The cover of Oils, a poetry pamphlet by Belfast poet, Stephen Sexton, which I recently reviewed for Culture NI.

The cover of Oils, a poetry pamphlet by Belfast poet, Stephen Sexton, which I recently reviewed for Culture NI.

Produced by the Nerve Centre in Derry – Northern Ireland’s leading creative media arts centre – Culture NI was dealt a seemingly fatal blow this week with the announcement from the Arts Council NI – its principal funder – that its core funding was being cut.

It wasn’t the only organisation to hear such news of course. Blackstaff Press and Guildhall Press –  our leading publishers based in Belfast and Derry – also suffered the same, along with various other arts organisations. (More details on the story here.)

You can read more on the devastating effects of the cuts to Culture NI here, but suffice it to say, after 10 successful years in supplying Northern Irish readers and indeed, readers worldwide with news of our thriving arts scene, five jobs are now at risk, as well as many more part-time jobs in the myriad freelancers who contribute to the site.

The faces behind Culture NI

The faces behind Culture NI.

News of the cuts in Northern Ireland is nothing new of course. Belts have to be tightened, as the NI government, while telling us they’re committed to developing and supporting the arts on the one hand, continue to take away vital funding on the other. Budgets must be managed, but the question on many people’s lips is this – when the cuts not only threaten to reduce the output of a key service like Culture NI but will actually kill it altogether, surely there needs to be a rethink?

Culture NI has been campaigning about the funding cut since the news broke and so far, its 400,000-plus readers seem to be getting behind this, tweeting and signing the petition to have the funding restored. If you have a couple of minutes to add your name to that, it would be much appreciated. Just click here.

So, why keep Culture NI?CULTURENI

  • It’s NI’s leading arts and culture site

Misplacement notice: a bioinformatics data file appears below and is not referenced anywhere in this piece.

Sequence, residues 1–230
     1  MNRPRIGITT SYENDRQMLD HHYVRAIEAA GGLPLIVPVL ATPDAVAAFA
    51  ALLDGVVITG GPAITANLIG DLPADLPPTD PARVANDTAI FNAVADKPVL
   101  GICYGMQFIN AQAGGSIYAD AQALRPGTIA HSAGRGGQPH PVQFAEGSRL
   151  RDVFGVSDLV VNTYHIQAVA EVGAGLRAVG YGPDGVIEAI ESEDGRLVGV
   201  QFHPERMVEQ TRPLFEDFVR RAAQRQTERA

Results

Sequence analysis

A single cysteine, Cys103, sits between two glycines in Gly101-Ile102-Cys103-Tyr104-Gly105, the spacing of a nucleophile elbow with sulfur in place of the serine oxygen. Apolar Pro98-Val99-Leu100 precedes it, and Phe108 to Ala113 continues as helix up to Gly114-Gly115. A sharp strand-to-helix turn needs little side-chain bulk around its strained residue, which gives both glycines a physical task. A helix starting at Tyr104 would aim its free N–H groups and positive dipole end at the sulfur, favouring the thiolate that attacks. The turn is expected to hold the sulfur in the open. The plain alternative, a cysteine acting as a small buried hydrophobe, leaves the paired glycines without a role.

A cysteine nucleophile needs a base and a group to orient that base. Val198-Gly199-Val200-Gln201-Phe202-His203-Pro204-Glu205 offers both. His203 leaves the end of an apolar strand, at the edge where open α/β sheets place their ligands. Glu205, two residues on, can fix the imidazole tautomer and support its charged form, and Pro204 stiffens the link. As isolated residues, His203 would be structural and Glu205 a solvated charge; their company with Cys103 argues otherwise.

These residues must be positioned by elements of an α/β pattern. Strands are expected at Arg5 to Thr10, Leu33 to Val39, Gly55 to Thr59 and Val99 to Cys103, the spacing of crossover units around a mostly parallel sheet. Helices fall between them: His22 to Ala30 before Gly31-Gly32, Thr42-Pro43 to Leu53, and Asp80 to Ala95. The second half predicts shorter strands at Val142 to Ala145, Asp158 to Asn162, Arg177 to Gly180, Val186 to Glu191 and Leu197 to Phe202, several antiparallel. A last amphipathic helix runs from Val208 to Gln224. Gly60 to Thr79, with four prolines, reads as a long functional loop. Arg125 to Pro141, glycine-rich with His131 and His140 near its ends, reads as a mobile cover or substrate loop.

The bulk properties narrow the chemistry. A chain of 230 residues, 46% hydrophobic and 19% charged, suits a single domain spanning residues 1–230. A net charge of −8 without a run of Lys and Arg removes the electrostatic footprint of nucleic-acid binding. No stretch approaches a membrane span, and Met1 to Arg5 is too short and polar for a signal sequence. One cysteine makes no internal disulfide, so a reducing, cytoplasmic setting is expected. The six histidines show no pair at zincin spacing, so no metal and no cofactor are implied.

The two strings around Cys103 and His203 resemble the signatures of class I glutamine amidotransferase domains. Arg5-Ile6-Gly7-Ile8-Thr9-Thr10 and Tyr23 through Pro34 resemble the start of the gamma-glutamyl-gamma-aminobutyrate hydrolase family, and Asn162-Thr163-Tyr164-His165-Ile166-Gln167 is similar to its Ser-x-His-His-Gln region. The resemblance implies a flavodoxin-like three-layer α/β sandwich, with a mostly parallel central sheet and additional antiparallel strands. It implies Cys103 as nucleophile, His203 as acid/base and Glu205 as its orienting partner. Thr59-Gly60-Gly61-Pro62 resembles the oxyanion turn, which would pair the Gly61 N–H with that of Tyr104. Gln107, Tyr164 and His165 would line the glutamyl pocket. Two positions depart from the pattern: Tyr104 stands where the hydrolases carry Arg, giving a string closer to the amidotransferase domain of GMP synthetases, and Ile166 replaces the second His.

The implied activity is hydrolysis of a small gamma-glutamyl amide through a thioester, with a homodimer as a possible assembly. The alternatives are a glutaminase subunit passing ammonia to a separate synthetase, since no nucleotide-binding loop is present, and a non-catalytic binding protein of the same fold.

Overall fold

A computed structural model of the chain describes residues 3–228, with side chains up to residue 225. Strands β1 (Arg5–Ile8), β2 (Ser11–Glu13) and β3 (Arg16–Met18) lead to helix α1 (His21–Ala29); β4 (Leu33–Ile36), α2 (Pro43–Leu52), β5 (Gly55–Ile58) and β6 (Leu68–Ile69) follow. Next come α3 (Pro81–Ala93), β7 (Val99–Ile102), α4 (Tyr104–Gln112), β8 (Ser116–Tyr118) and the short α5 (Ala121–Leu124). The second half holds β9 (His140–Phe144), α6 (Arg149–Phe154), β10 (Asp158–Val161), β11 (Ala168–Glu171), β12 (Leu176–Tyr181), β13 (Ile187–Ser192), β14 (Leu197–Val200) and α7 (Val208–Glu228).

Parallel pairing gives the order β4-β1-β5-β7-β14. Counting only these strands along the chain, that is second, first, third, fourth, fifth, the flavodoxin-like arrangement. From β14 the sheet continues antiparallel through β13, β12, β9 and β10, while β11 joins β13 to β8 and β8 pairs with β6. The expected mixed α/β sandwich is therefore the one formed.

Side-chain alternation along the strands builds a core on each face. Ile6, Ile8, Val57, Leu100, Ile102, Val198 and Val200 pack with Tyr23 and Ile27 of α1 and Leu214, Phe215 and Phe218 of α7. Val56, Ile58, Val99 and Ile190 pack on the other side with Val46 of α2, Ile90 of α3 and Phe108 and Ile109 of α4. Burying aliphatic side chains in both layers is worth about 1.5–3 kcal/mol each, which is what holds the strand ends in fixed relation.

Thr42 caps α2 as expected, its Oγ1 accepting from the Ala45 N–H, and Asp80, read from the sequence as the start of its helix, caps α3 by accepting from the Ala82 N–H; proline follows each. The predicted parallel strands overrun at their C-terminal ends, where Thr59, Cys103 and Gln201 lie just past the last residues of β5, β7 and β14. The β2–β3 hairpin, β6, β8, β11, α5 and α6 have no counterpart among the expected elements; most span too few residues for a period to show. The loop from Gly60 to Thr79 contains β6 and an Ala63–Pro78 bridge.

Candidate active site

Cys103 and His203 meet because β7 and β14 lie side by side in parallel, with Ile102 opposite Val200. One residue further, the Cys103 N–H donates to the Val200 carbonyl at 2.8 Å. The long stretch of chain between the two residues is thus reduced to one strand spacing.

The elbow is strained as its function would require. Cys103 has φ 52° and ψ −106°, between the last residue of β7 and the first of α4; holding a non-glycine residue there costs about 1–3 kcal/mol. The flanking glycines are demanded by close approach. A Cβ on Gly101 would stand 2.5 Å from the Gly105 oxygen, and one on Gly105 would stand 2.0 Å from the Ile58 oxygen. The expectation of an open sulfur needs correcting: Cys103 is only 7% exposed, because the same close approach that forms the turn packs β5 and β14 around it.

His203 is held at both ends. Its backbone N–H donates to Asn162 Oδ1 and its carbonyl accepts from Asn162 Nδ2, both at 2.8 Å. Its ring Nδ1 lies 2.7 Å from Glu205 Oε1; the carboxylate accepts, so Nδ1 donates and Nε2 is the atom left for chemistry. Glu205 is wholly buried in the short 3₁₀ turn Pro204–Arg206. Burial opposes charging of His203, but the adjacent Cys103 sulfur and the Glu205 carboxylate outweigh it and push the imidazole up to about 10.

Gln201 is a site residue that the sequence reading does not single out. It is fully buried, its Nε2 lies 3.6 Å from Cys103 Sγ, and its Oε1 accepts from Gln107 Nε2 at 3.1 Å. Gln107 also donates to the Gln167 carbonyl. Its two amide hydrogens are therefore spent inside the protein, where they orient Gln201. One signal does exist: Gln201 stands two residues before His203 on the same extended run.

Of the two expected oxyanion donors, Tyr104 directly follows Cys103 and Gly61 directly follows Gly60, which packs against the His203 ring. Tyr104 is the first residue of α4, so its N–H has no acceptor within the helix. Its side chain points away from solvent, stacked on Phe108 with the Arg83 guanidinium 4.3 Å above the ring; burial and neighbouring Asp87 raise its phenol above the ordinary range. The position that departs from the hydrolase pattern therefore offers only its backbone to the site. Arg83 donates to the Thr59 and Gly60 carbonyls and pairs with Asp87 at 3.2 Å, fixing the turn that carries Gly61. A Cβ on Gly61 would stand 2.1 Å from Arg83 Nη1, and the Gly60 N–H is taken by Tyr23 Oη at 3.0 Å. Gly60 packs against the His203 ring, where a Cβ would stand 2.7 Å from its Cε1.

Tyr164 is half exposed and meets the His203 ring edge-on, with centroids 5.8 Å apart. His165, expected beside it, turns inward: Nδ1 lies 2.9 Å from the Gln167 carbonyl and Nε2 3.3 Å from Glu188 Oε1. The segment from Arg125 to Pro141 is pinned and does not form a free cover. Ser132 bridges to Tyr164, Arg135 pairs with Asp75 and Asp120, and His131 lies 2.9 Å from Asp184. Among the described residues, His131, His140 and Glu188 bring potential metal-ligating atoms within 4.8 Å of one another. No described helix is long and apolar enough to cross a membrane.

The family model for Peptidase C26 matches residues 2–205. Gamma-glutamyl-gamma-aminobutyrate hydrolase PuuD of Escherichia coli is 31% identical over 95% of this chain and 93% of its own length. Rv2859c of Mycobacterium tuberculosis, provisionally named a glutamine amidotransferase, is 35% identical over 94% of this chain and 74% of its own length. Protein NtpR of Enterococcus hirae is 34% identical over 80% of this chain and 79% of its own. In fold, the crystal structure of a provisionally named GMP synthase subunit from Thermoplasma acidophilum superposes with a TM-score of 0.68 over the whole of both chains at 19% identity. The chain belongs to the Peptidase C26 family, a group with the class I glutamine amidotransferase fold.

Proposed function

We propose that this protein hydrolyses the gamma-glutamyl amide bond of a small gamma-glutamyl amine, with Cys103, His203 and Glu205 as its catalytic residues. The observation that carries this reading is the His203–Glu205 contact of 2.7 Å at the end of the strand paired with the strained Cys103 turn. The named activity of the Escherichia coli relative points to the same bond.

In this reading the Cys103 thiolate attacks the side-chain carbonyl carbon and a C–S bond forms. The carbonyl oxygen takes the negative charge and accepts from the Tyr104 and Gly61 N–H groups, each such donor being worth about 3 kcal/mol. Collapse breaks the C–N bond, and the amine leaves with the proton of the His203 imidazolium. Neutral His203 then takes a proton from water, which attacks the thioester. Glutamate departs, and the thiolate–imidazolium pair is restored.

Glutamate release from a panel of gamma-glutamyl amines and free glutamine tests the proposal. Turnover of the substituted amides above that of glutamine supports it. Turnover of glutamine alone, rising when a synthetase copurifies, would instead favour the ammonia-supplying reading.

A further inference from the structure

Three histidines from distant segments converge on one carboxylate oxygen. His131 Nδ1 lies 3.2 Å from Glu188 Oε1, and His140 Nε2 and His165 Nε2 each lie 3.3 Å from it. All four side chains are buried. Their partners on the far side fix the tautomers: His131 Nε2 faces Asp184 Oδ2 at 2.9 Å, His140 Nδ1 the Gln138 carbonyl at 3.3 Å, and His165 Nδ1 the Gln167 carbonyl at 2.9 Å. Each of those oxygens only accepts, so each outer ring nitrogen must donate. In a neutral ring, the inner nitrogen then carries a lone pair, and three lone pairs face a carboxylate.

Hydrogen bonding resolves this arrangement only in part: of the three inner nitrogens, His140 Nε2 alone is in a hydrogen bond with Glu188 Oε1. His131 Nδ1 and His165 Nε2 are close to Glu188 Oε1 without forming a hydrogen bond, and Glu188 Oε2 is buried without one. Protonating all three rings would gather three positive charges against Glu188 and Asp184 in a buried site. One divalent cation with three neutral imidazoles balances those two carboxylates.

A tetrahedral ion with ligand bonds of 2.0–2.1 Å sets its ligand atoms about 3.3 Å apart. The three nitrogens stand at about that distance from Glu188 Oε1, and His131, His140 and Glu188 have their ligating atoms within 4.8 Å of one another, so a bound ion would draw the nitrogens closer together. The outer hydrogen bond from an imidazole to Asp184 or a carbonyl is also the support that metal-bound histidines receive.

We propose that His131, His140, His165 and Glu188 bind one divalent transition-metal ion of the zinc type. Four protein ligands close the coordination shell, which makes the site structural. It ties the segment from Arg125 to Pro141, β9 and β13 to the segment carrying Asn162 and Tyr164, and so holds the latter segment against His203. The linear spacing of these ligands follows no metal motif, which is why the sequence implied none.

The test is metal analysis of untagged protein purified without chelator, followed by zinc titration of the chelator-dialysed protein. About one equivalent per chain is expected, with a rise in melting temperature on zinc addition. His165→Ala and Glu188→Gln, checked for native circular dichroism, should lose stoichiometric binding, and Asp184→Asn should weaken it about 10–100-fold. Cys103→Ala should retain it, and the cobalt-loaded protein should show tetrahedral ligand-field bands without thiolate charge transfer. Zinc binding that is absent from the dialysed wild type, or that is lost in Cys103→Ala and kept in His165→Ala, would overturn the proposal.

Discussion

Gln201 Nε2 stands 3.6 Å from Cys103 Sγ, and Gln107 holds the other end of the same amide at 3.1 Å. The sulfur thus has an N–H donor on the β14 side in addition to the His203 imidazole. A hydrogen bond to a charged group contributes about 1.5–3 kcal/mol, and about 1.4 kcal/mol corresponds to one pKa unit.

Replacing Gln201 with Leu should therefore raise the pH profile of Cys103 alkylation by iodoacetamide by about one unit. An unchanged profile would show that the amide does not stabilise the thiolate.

• It updates daily with FREE content on ALL the arts in Northern Ireland
  • There are interviews, reviews, features, competitions and more
  • It’s FREE promotion for artists/musicians/writers/performers/festivals and more
  • You get a FREE guide to What’s On in NI
  • You can discover new events/artists that you’d never hear of otherwise

EwagoralsThese are but a few reasons why we should keep Culture NI.

You’ll notice the word FREE is mentioned a few times. This fantastic resource is free for anyone to browse, read and digest at their leisure at any time of the day or night.

It’s crammed full of more than 10 years of archived material on Northern Ireland’s arts and culture scene and if it goes, that’s an online museum lost.

The website also recently underwent a revamp just a couple of months ago, launching a fully mobile responsive site as it prepared to march on into the future.

Newspapers and magazines have little space to give to the arts. They offer massively reduced coverage of the vibrant cultural scene that we still have in Northern Ireland and the thing is – if Culture NI is to disappear, who will be left to champion this? There are other organisations and publications of course that promote the arts, but Culture NI is your one-stop shop and more. It’s unique in the level and quality of content that it provides. Read freelancer Terry Blain’s views on the matter here.

With (L-R) NI crime writers Stuart Neville, Brian McGilloway and Steve Cavanagh

With (L-R) NI crime writers Stuart Neville, Brian McGilloway and Steve Cavanagh

I’ve been freelancing for Culture NI for the past year and have enjoyed every minute of it. I love the arts and am a big fan of the local literary scene (as readers of my blog will know!). I’d hate to see this wonderful website disappear over money.

If you’ve read this far, then thank you. As a writer, this is how I can show my support.

The Arts Council NI has today posted this message on Facebook:

“We are receiving emails regarding the annual funding award made to Culture NI. Thank you for your views. You will know that the Arts Council has had to take difficult decisions in a very challenging funding climate and we appreciate your interest. We will be meeting with the Nerve Centre soon to hear their concerns.”

We know belts have to be tightened, and the Arts Council NI is, of course, a vital organisation in Northern Ireland that is very much appreciated for all that it does for arts and culture here. Let’s not forget that for a minute. They’re simply having to make tough decisions in an ongoing economic climate that’s battering the arts.

If you’re interested, you can read my archived work for Culture NI here, or on the Articles section of this blog.

I’ll keep you updated! #SaveCultureNI